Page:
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[ik-spound] /ɪkˈspaʊnd/
verb (used with object)
to set forth or state in detail:
to expound theories.
to explain; interpret.
verb (used without object)
to make a detailed statement (often followed by on).
1250-1300; Middle English expounen, expounden < Old French espondre < Latin expōnere to put out, set forth, explain, equivalent to ex- ex-1 + pōnere to put
Related forms
expounder, noun
preexpound, verb (used with object)
unexpounded, adjective
Synonym Study
2. See explain. Unabridged
Based on the Random House Dictionary, © Random House, Inc. 2014.
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Examples from the web for expounded
  • Millions of parents, preachers, newspaper editors and teachers expounded the message.
  • Admittedly, he expounded on the need for sweeping changes to the tax system, including raising the consumption tax.
  • The type of genetic engineering expounded in the article is a vastly different process from the process of selective breeding.
  • Though he had little formal education, he brilliantly expounded the meaning of freedom.
  • Since then it's been expounded and expanded upon by many orders of magnitude.
  • Although it told no story and expounded no message, the premiere may have provoked thought.
  • That's a curious statement: a wild conjecture expounded into a conspiracy theory.
  • His messages expounded his ideas on strategy and policy but did little to illuminate the mystery of personality.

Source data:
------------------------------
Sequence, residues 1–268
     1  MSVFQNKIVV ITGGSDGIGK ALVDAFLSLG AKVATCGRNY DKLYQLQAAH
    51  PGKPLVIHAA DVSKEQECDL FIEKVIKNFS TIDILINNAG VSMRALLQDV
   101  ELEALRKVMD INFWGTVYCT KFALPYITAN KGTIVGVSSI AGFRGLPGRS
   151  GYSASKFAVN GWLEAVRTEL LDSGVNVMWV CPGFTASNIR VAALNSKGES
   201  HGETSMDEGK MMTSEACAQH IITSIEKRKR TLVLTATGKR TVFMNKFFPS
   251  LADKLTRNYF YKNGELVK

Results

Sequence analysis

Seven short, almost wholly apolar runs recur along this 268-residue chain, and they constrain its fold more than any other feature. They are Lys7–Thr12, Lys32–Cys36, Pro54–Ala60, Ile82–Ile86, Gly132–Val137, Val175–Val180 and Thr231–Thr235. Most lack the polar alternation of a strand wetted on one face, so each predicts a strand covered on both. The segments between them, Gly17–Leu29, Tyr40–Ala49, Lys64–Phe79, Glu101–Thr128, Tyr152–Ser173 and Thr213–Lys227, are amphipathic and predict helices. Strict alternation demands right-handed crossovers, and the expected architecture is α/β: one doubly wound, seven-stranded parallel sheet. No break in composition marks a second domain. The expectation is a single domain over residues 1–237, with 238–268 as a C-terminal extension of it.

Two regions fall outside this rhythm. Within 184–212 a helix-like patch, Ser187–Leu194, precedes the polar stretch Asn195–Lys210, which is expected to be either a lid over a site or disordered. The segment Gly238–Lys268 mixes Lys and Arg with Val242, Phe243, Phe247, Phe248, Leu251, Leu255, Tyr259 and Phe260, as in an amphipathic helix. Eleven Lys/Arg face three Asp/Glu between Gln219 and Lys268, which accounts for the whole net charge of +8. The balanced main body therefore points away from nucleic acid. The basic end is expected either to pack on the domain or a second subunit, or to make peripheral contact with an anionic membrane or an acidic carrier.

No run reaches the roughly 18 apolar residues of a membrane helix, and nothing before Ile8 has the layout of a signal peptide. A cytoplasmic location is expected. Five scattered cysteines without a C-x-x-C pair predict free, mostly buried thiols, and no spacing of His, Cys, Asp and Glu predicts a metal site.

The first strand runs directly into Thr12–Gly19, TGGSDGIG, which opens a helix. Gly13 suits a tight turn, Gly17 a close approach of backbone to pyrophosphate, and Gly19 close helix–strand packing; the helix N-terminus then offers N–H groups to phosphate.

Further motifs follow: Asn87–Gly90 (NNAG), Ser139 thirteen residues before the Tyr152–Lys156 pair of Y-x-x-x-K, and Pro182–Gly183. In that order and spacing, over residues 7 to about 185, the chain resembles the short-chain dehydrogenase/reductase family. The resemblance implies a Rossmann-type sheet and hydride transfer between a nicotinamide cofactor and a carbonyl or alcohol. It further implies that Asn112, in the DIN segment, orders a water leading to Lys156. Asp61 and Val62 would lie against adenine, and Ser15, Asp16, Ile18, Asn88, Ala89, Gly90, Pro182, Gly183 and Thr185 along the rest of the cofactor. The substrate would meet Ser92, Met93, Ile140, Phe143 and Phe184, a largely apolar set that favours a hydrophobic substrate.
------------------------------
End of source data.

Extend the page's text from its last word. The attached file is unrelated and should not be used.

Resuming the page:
British Dictionary definitions for expounded


when intr, foll by on or about. to explain or set forth (an argument, theory, etc) in detail: to expound on one's theories, he expounded his reasoning
Derived Forms
expounder, noun
Word Origin
C13: from Old French espondre, from Latin expōnere to set forth, from pōnere to put
Collins English Dictionary - Complete & Unabridged 2012 Digital Edition
© William Collins Sons & Co. Ltd. 1979, 1986 © HarperCollins
Publishers 1998, 2000, 2003, 2005, 2006, 2007, 2009, 2012
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Word Origin and History for expounded



c.1300, from Old French espondre "expound (on), set forth, explain," from Latin exponere "put forth, explain, expose, exhibit," from ex- "forth" (see ex-) + ponere "to put, place" (see position); with intrusive -d (cf. sound (n.1)). The usual Middle English form was expoune. Related: Expounded; expounding.

Online Etymology Dictionary, © 2010 Douglas Harper
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